The time between when new versions of Windows are appearing is shrinking. Just when you think it is safe to buy a new PC then Microsoft brings out yet another version.
Please do not be fooled by Microsoft's marketing machine that the next version of Windows (deliberately called Windows 10 to disengage your brain from thinking that it had anything to do with the last version Windows 8) is an advancement; it is not, it is a correction.
Windows 10 principally corrects the wrong philosophy of operation introduced in Windows 8 (and 8.1). That was driven by the emergence and popularity of tablet PCs and phones and considered that all devices, whether touch screen or PC, could be used in the same way with one operating system.
Thus, when used on a PC, Windows did not boot into the usual desktop but gave you an Apps screen instead. When you did get into the desktop there was no start button from which to control anything.
Unless you installed a third party start button, the Windows desktop was about as useful as a car without a steering wheel. Now after this debacle, there occurred two significant changes in Microsoft.
The first was the early retirement (or removal) of the CEO Steve Ballmer and the appointment of Satya Nadella (a techie) instead; the second was that Microsoft have stopped being driven by what the kids on the street want but by the needs of two thirds of their customers, the business users.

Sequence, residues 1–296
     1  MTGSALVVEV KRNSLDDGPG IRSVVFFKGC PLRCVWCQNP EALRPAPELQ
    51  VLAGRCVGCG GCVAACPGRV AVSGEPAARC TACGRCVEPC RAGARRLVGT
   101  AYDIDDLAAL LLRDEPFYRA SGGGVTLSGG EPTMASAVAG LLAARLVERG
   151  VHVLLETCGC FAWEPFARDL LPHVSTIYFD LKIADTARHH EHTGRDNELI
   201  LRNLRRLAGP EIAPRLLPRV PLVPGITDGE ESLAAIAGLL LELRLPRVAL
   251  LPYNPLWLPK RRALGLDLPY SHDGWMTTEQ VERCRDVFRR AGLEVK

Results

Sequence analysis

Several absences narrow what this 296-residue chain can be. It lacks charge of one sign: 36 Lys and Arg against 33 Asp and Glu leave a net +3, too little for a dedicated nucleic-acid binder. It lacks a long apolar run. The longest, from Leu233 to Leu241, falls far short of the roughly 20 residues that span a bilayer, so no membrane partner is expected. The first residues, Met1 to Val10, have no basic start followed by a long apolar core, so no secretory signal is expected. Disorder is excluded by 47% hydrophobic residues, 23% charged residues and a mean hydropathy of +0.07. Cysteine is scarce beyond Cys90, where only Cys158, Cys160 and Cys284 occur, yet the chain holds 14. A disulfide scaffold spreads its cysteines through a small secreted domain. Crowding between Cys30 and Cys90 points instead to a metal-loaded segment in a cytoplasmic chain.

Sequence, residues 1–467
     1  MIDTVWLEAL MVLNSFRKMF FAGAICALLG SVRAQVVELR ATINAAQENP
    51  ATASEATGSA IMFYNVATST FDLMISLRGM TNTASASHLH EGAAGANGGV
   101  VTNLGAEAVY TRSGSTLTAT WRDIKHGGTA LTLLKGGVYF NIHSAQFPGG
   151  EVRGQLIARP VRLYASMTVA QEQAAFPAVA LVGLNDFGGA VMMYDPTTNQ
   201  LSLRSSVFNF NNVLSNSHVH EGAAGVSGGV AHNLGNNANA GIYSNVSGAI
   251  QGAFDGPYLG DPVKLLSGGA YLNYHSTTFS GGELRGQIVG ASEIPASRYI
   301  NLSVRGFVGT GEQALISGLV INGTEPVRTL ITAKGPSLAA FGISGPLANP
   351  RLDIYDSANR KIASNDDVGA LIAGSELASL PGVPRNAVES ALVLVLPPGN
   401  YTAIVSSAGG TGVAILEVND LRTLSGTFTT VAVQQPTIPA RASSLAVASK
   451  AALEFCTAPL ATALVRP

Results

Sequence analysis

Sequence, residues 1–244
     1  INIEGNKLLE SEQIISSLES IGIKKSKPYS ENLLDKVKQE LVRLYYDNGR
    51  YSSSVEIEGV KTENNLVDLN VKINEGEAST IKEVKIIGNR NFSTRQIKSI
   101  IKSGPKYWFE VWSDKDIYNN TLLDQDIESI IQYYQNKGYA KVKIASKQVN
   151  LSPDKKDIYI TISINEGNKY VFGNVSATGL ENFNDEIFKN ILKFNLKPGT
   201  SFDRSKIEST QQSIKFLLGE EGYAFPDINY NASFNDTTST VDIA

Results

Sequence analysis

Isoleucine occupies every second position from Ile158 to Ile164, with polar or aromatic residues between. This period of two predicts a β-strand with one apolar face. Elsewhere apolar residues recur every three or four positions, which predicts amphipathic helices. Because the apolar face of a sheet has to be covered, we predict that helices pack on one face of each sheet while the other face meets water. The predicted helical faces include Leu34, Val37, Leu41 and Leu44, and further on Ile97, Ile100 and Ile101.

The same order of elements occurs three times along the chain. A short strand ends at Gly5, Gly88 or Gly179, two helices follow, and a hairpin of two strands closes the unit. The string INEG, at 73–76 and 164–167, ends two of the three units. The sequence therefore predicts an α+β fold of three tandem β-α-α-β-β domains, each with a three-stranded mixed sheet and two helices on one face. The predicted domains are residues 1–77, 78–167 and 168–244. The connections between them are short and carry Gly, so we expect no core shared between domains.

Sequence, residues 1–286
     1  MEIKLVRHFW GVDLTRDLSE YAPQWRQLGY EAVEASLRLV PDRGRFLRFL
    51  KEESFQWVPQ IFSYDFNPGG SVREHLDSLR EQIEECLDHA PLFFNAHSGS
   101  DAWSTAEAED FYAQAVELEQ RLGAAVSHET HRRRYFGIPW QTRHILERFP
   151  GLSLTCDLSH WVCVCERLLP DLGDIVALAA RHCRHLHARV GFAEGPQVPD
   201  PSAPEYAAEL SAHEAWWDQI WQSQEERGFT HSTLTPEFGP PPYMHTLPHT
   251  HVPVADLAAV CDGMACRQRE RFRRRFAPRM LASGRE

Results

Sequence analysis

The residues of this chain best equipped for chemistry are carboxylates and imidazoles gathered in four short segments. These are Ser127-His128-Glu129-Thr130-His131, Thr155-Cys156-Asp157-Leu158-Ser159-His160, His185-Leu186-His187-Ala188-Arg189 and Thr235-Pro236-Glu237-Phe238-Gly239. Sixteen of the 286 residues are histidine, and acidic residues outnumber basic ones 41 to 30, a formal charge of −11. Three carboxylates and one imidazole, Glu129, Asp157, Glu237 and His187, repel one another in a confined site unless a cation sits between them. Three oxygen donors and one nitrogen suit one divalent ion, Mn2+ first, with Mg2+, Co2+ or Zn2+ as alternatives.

The result of these two events is Windows 10 which, as mentioned above, corrects the philosophy by adapting the operating system to work on a variety of devices and does not try to adapt the user.
Windows 10 running on a PC once again opens to a proper desktop and has a start button, whilst on a tablet, a phone, or a touchscreen PC it will use the Apps Side. In fact, the start button is now a 'super' start button which incorporates not only the usual menu but Apps as well.
These Apps now open in normal windows on the desktop thus ending the switching to the Apps side (also known as the Dark Side). In addition, you can have multiple desktops enabling you to have different setups, for example, for work and play.
Other than these aspects, Microsoft have not mentioned anything else of significance. Missing is the replacement of the hierarchical file storage system with a database system.
In this, you would have been able to store your files in one location and set up your own folder structures to access them. This feature was to be introduced with Windows Vista, but Microsoft still do not seem to be able to get it to work four versions on.
In conclusion, the next version of Windows appears to correct many of the previous failings caused by Microsoft's perception of what their customers want, and the change of CEO also appears to have refocused the business back to the technicality of Windows as an operating system.
The most significant aspect, 'will it work for business?', still needs to be demonstrated. The answer to that is probably yes, and better than Windows 8, but moving Apps to desktop will only (potentially) increase the number of distractions to the user. As always, third party software will come to rescue and make it work properly, so there is hope.
- Nigel Allan is Technical Director at SBC Solutions Limited